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Browse Prior Art Database

Recording Modifications to Stored Images

IP.com Disclosure Number: IPCOM000117640D
Original Publication Date: 1996-Apr-01
Included in the Prior Art Database: 2005-Mar-31
Document File: 4 page(s) / 113K

Publishing Venue

IBM

Related People

Jordan, RM: AUTHOR

Abstract

Available software packages such as Kodak PhotoCD*, allow modification of images for correction of image defects or for creative effects. Typical modifications are: filters performed on all or a defined part of the image, addition of graphical objects such as lines, shapes, free-hand drawn additions, or text, cropping, enlargement or reduction in size.

This text was extracted from an ASCII text file.
This is the abbreviated version, containing approximately 47% of the total text.

Recording Modifications to Stored Images

      Available software packages such as Kodak PhotoCD*, allow
modification of images for correction of image defects or for
creative effects.  Typical modifications are:  filters performed on
all or a defined part of the image, addition of graphical objects
such as lines, shapes, free-hand drawn additions, or text, cropping,
enlargement or reduction in size.

      Increasingly, source images are taken from CD-ROM.  CD-ROM has
the great benefit that very large quantities of data, such as large
or high resolution images can be stored inexpensively, without
consuming hard disk space.  However, the medium is by definition
read-only.

      When an image taken from a CD-ROM is modified the user will
usually want to make a permanent copy of the modified image.
Typically, they would not want to destroy the original image.  If
this is taken from CD-ROM, this is in any case not possible as it is
a read-only medium.

      Using today's packages, the user will have to save the entire
modified image to hard disk, even though it may be very large and
differ from the original image only by a few modifications.

      A similar problem arises if the user wants to modify a hard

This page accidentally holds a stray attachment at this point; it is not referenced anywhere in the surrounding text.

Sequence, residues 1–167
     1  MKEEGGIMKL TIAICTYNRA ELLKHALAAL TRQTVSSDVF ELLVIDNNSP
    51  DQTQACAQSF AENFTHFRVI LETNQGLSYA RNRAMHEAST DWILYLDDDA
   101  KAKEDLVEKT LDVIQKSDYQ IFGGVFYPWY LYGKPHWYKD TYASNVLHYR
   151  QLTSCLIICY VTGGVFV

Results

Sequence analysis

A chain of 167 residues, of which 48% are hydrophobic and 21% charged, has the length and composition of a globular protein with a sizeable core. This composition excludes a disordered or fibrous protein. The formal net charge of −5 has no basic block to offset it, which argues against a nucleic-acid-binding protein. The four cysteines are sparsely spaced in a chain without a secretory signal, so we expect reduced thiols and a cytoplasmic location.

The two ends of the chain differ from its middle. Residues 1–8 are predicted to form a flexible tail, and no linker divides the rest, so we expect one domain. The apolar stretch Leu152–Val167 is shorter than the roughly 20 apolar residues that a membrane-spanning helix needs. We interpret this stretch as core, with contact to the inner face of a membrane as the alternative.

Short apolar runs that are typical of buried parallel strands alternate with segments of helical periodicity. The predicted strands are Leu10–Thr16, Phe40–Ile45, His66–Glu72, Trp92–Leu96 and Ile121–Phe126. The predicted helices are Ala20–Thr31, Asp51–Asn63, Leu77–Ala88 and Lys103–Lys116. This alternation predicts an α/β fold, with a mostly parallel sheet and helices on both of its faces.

disk copy of an original image which is in some way precious; for
example, a scanned image of an original document which is lost or no
longer available to the user for rescanning.

      The described solution defines a new type of image file format.
This format contains two types of information:
  o  Pointer(s) to other image files in conventional formats already
      supported by the package, e.g., TIFF, etc..  These files may be
      located either on read-only media, i.e., CD-ROM, or read-write
      media, i.e., hard disk.
  o  Operations performed on the image.  Each operation will consist
      of a locus (a description of the geometric region within which
      the operation is to be performed), the type of operation, and
any
      parameters associated with that operation.  Ideally, the locus
      will be defined in a resolution independent coordinate system,
      e.g., percentage of the entire image, or a value from 0.0 to
1.0.
     This is called an 'Image Delta format'.

      For implementation purposes, this file format will obviously
require binary encoding, but for the purpose of description, a text
format is used.

      For example, here is a representation of an image which has
been loaded from Kodak PhotoCD, within which a portion of the image
has been high-pass filtered, and which has been cropped, darkened at
the top, and a red circle drawn onto it.  Lines are numbered for
identification in the subsequent explanation.
     01  (image)
     02    D:\PCD\IMAGES\IMG00001.PCD
     03  (operation)
     04    (locus)
     05    rectangle 0.55 0.65 0.45 0.56
     06    (operation type)
     0...